homepage logo

Special UEP meeting Tuesday

By Staff | Jul 11, 2009

The next chapter in the long-running utilities expansion project saga will be written in the next two weeks.
The UEP has become a bogeyman for many residents who live in the project’s new phases, SW 6/7 and North 1-8, who face assessments and fees of $17,000 and $6,000, respectively. The SW 6/7 area is poised to receive water, sewer, and irrigation utilities while the North 1-8 area will only receive water utilities.
At meetings this week designed to provide information on payment options, some residents shouted obscenities at city staffers with many more voicing their anger at the prospect of more bills during an abysmal economic period.
In a memo to council members this week, Councilmember Bill Deile suggested installing a metal detector in advance of a special meeting on the UEP, to be held Tuesday at 6:30 p.m. at the First Baptist Church of Cape Coral. Mayor Jim Burch has called a closed-door meeting Monday to discuss security issues, but said it will deal with more than just the Tuesday meeting.
“About one year ago we had the same type of discussion (about security). There are staff members and others who voiced concern that we revisit all that,” Burch said.
An initial proposal to move forward with the UEP in North 1-8 was passed by the city council on Feb. 3, but rescinded a week later when Councilmember Tim Day, whose District 6 encompasses the North 1-8 area, responded to a public outcry from residents there.
That is unlikely to happen this time, however, as Day is resolute in his support of the project.
“You can stop the utilities, then the ratepayers will have to make up the difference. That really is an unfair option,” Day said.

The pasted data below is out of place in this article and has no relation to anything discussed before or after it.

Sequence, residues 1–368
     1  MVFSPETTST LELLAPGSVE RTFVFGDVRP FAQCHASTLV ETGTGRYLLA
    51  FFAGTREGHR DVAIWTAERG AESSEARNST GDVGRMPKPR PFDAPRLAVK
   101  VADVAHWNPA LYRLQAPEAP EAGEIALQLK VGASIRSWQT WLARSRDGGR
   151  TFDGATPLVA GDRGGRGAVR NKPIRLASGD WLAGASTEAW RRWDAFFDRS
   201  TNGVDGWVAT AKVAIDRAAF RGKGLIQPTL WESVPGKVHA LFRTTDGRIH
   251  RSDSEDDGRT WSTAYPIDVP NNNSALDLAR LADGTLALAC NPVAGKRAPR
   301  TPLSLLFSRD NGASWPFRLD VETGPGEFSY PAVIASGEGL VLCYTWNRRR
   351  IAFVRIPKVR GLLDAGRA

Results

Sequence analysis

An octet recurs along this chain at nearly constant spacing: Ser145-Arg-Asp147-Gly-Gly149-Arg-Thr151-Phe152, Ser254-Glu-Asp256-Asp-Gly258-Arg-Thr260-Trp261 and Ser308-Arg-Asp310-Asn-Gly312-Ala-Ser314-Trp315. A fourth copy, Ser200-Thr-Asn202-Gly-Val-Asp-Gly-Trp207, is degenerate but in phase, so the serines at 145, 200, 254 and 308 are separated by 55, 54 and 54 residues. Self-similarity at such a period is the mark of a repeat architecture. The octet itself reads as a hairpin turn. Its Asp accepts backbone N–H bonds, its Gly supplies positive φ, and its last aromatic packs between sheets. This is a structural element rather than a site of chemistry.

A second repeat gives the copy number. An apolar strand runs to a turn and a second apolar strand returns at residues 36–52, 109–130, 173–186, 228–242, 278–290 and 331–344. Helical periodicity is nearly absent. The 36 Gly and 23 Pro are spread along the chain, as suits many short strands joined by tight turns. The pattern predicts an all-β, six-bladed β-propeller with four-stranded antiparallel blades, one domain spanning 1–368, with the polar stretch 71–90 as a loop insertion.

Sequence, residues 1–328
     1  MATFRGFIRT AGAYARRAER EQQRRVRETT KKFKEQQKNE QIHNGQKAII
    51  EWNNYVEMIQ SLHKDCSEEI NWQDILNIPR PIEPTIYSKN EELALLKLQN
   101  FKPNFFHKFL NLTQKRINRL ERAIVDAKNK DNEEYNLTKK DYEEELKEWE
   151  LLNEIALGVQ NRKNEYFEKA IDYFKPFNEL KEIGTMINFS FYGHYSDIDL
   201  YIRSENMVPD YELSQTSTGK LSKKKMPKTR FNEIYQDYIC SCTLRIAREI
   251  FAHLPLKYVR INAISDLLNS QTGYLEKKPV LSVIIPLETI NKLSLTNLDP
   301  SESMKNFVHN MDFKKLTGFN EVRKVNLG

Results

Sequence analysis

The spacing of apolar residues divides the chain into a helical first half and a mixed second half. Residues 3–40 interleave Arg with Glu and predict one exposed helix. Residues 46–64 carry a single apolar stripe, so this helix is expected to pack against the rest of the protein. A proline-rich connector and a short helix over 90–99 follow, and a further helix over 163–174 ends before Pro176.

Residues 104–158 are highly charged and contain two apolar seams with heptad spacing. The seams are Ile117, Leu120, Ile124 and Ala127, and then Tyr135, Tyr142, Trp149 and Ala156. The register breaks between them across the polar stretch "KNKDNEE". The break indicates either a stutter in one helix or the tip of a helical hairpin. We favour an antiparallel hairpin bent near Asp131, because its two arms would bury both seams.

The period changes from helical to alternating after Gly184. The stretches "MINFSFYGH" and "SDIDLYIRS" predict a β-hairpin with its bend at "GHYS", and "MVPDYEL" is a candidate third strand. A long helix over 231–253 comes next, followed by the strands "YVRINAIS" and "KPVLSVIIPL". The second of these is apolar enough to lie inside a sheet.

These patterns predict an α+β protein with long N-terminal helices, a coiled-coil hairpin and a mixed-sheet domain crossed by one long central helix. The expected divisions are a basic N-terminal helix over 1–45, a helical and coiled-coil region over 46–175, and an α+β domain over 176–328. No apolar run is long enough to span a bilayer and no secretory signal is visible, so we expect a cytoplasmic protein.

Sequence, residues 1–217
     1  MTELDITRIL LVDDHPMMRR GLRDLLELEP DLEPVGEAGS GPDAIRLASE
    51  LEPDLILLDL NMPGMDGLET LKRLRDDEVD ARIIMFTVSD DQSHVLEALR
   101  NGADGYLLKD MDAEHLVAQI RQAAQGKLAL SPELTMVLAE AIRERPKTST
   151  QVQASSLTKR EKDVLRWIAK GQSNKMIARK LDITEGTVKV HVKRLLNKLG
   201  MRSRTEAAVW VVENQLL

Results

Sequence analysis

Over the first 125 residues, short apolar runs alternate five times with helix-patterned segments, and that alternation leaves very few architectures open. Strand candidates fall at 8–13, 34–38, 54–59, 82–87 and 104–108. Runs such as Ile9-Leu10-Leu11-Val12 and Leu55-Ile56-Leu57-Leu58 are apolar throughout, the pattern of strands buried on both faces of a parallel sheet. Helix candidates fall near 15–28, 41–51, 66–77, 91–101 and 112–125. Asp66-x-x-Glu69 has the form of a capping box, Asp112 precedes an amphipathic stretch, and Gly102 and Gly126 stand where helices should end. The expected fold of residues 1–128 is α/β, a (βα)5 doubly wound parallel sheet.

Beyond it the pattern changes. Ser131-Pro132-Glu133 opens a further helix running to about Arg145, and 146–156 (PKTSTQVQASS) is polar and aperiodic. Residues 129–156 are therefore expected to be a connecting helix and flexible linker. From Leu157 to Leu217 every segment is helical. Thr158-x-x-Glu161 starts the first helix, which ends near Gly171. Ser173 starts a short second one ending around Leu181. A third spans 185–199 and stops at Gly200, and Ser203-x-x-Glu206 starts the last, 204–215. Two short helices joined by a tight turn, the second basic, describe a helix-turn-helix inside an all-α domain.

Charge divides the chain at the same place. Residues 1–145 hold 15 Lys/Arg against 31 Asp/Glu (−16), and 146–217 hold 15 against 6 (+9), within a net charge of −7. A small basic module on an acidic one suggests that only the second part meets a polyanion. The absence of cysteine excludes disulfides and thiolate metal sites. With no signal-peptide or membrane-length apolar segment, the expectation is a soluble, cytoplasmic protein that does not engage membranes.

“Right now, stopping it is not an option unless you have some mythical option to pay the debt,” he added.
The stalled project was brought back on the council’s agenda because of the looming rate increase that awaits the 53,000 current customers of city utilities on Oct. 1 if the UEP does not move forward at this time.
Utility rates, which were already scheduled to increase 47.6 percent over the next five years, are now slated to jump 92.5 percent over the next five years, increasing the average bill from $81.97 to $157.79.
Despite the public repudiation of many residents in SW 6/7 and North 1-8 over the past two weeks, council members say many Cape residents are also in favor of the project.
“I’ve gotten a multitude of e-mails from the other side. Many of them don’t want to come to the (Tuesday) meeting because they were afraid they would be shouted down,” Councilmember Dolores Bertolini said.
The increase was approved by council members to prevent a default on water and sewer bonds associated with the project. Should the UEP progress, councilmembers have pledged to rescind the rate hike.
The multiple votes for and against the UEP by the city council make the final vote on July 20 nearly impossible to predict, but one person who won’t be voting on the city’s most controversial issue is Burch.
He has consistently abstained from voting on the North 1-8 portion of the UEP, citing design work his company, DRMP, did on the project. In the most recent vote on SW 6/7, however, he also abstained, despite previously voting in favor of the project.
“I want to take my involvement entirely out of the political landscape,” said Burch, explaining that City Attorney Dolores Menendez agreed with his decision to abstain.
“The appearance of a conflict of interest is there as it was in North 1-8,” he added.
But Burch’s abstention isn’t preventing him from speaking out in favor of progressing with the UEP.
“I don’t want anybody to think I’m trying to skirt an issue. The UEP as we sit right now I don’t think we have a whole lot of choices,” Burch said.
Day said the payment options, which allow SW 6/7 residents to put off payments until 2011 or later and North 1-8 residents to put off payments until 2012 or later, and the lack of viable alternatives leaves the council little choice but to approve the project.
“Having those (payment) options is the reason we’re willing to go forward with it. We’re out of time and out of options at this point,” Day said.